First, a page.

|Dong Da Hill (Photo: Ngoc Anh/VOV)
Dong Da Hill on Tay Son street, Dong Da district, has two gates: the main gate on Tay Son street and another on Dang Tien Dong street.
Vo Nguyen Phong, Chairman of Dong Da district’s People’s Committee, said “In 1962, Dong Da Hill was one of Hanoi’s first 12 sites recognized as national relics. On the 200th anniversary of the victory in 1989, the Dong Da Cultural Park was inaugurated, comprising the Dong Da Hill, a statue of Nguyen Hue − who was later proclaimed Emperor Quang Trung − an exhibition hall, and a yard. The complex has a total area of 22,000 square meters.”
Dong Da Hill, which was build up naturally centuries ago, guarded the western approach to Thang Long, the former name of Hanoi. At the top of the tree-dotted hill is a stone stele engraved with King Quang Trung’s proclamation. There is also a temple honoring martyrs and meritorious officials who rendered outstanding services to the nation. The temple has been mostly damaged, except for its entrance gate.
King Quang Trung’s statue was erected next to Dong Da Hill on the 200th anniversary of the Ngoc Hoi-Dong Da victory. The statue is 15 meters tall and weighs 200 tons. It is made of reinforced concrete, covered with marble and coated with bronze that resembles dragon’s scales. The statue is flanked by two delicately carved relievos, depicting the Tay Son troops’ advance at several points around Hanoi before their final victory in Dong Da.
Behind King Quang Trung’s statue is his temple. The two-storey building was built in 2010 on Hanoi’s millennial anniversary. His altar is placed on the upper storey, tiled with double roofs, while artifacts and photos of the Tay Son troops’ advance are displayed on the lower storey, where there are also exhibits introducing the Tay Son dynasty (1778-1802) and the Dong Da Hill festival.
The festival is held on the 5th day of the first lunar month to celebrate the historic triumph in 1789 which liberated the Thang Long capital city. The festival features an offering ritual, a palanquin parade, martial arts performances, folk games, and a recreation of the Ngoc Hoi-Dong Da battle. Hanoi authorities are preparing a dossier to be submitted to the Ministry of Culture, Sports, and Tourism to request recognition of the Dong Da Hill festival as a national intangible cultural heritage.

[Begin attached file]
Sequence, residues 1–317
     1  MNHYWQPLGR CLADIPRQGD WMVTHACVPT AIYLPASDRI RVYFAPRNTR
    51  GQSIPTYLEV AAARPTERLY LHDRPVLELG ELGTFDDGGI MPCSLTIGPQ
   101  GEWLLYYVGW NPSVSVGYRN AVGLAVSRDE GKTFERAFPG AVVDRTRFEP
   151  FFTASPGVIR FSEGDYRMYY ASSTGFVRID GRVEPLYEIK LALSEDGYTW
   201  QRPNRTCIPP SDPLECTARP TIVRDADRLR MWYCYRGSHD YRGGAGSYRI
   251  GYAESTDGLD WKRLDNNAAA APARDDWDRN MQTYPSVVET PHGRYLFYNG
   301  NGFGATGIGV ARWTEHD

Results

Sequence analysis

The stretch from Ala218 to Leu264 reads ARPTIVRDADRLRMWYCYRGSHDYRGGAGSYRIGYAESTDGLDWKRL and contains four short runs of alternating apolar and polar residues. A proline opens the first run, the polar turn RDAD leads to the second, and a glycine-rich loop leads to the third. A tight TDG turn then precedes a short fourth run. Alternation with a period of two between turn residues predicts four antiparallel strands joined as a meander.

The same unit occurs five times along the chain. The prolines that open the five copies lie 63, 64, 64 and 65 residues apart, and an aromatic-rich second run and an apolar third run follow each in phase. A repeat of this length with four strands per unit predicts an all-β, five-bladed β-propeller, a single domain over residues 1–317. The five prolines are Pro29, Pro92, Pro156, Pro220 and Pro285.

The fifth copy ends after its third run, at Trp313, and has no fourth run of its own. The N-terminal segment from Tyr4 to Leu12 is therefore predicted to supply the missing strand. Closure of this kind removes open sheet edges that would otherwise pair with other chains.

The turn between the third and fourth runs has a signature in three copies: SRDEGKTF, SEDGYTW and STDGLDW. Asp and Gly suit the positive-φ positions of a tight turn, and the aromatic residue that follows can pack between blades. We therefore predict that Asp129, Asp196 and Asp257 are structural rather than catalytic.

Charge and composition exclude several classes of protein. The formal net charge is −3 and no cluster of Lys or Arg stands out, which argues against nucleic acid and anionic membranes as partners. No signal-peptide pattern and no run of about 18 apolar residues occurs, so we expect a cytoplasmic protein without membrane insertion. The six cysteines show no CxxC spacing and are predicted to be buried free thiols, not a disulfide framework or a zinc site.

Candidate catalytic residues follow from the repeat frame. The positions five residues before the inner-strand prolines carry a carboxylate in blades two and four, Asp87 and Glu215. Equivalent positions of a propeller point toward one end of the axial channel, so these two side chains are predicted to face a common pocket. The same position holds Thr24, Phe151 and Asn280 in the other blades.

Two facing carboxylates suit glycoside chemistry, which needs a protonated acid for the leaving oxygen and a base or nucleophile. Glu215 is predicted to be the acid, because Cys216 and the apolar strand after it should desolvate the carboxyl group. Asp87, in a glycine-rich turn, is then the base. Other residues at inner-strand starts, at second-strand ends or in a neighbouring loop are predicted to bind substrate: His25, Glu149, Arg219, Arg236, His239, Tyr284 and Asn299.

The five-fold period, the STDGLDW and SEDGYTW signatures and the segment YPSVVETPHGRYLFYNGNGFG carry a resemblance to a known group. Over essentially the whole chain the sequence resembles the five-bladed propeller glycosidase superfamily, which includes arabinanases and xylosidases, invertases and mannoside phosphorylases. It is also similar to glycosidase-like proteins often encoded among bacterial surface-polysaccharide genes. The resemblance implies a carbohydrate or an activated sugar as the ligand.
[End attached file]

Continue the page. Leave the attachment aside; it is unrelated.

|King Quang Trung's temple (Photo: Ngoc Anh/VOV)
According to Associate Professor Doctor Dang Van Bai, former Director of the Cultural Heritage Department, the Dong Da Hill inspires patriotism in young people.
Bai said “A learning space can be created here, enabling students to learn history and interact with digital equipment. The Dong Da Hill festival should be leveled up to a national event, to promote its tourism potential.”
Hanoi authorities plan to upgrade the site and repair the damage. They will also gear up a communications campaign about Dong Da Hill and operate tours connecting it with other historical sites in Hanoi.
Associate Professor Doctor Duong Van Sau of Hanoi University of Culture told VOV “Dong Da Hill will prove its worth once it receives proper investment in upgrading and coordinated tourism services. It has areas for commemorations, rituals, and exhibits, but lacks places for tourism services and art performance, such as Tay Son martial arts and drums of war.”
Dong Da Hill may soon become a highlight of Hanoi tours.